Women go through several changes during pregnancy, both physical and emotional, but new research has found that negative attitude towards body changes could lead to anxiety and depression after childbirth.
For the study, published in Psychological Assessment journal, researchers quizzed more than 600 pregnant women about their satisfaction with appearing pregnant, weight gain concerns, and the physical burdens of pregnancy.
The findings revealed that women who felt more positively about their body changes in pregnancy were more likely to have lower depression and anxiety.
They were also more likely to have better relationships with their partners and show a more positive attachment to their unborn child.
Women who obtained low scores, may need additional emotional support during pregnancy and monitoring after birth for signs of postnatal depression, study authors suggested.
“Our previous research has demonstrated that there is a relationship between how we perceive our bodies and our emotional state, but bodily experience is not systematically considered during pregnancy even though it is a time when dramatic bodily changes occur,” explained Catherine Preston, a psychology expert in body image at University of York.
"Women are under constant pressure about their appearance during pregnancy and after birth.
"It is important therefore that pregnancy care is not just about the physical health of the mother and the health of the unborn child, but also about women's emotional wellbeing, which can give us a lot of important information about how they might react to being a new mum in the longer-term."
Researchers now believe that introducing a standardised method of assessing women’s feelings towards their changing bodies during antenatal care could provide important information on their emotional wellbeing once they have given birth.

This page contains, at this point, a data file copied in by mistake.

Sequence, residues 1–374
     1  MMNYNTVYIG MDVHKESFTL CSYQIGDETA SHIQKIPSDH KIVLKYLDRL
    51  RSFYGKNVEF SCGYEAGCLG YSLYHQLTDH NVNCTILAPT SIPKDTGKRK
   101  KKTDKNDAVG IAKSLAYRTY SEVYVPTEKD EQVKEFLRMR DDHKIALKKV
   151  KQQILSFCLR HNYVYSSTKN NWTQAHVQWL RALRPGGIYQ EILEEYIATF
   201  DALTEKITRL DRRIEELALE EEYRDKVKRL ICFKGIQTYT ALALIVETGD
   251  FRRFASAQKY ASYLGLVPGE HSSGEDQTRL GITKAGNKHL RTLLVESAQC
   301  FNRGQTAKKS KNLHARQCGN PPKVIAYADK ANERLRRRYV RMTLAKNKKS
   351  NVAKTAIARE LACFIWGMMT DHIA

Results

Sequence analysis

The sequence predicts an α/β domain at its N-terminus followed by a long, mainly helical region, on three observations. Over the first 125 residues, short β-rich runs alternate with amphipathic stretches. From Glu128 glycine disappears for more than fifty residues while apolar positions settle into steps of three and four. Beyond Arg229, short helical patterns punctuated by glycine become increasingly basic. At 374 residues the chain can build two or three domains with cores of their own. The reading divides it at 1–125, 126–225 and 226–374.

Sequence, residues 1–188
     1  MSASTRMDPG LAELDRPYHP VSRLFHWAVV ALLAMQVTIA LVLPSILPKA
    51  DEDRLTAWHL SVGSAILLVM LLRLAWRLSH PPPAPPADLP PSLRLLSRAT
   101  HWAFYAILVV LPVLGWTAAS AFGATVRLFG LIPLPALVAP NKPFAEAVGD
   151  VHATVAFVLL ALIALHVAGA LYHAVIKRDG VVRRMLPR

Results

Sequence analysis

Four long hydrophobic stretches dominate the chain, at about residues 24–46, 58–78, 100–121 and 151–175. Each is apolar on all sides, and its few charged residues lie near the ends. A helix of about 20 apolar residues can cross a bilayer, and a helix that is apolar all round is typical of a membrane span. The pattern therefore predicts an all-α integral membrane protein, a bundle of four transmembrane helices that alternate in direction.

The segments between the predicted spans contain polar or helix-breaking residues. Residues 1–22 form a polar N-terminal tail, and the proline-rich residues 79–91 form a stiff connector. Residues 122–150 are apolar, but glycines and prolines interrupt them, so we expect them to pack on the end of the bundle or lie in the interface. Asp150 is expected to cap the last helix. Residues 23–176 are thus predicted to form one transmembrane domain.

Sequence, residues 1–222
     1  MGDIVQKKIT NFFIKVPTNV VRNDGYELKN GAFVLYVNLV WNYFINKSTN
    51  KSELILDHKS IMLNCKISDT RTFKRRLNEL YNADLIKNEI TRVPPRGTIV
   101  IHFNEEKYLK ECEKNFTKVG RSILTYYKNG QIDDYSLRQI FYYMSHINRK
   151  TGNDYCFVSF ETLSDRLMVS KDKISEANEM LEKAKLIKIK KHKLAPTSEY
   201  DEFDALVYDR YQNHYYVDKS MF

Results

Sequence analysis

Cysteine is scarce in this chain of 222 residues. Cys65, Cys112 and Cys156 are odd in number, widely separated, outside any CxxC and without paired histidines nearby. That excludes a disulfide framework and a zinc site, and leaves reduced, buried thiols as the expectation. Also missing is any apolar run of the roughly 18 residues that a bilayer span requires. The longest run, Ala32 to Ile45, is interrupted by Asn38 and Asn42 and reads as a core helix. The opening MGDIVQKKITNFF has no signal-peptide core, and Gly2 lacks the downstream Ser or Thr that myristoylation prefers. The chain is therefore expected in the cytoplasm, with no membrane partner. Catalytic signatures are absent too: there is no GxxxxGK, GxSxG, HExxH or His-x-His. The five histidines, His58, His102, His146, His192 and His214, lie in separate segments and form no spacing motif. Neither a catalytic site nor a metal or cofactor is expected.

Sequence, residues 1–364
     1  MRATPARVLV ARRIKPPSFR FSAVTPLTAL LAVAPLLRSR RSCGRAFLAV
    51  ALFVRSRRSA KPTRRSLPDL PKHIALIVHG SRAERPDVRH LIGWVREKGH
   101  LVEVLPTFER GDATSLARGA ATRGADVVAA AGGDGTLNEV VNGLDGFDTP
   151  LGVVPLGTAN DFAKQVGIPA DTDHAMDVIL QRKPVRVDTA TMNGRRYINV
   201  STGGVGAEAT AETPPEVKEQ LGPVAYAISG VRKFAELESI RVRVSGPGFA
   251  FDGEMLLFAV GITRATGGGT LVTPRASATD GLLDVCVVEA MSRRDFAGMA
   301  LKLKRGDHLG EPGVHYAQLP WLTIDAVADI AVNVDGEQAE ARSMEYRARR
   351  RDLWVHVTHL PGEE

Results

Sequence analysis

"There is growing evidence that women's experience of their body during pregnancy can have a positive or negative impact on both maternal and infant wellbeing, so more should be done within our care systems to protect women against the more negative effects," Preston says.
“There are many midwives who independently do a fantastic job of offering this support, but currently there is no standardised method or criteria for measuring this to inform the level of care required.
“Our next step in this work is define those boundaries – what does a pregnant woman need to score in our scale in order to prompt further investigation or support? We are also interested to investigate whether we see variations in attitudes to body image in pregnancies of women from different cultural backgrounds and what impact this might have in post-natal care.”
The team also plan to assess more women post-pregnancy to understand the longer-term impacts of negative and positive body image on both mother and child.
The research follows a previous study last year that suggested women suffering from depression and anxiety during pregnancy might be more likely to have babies with ‘altered brain development’.
A further band of research revealed, last year, that women who give birth in the winter months are at greater risk of postnatal depression.
If you are suffering – pregnant or not – there are many ways to seek help.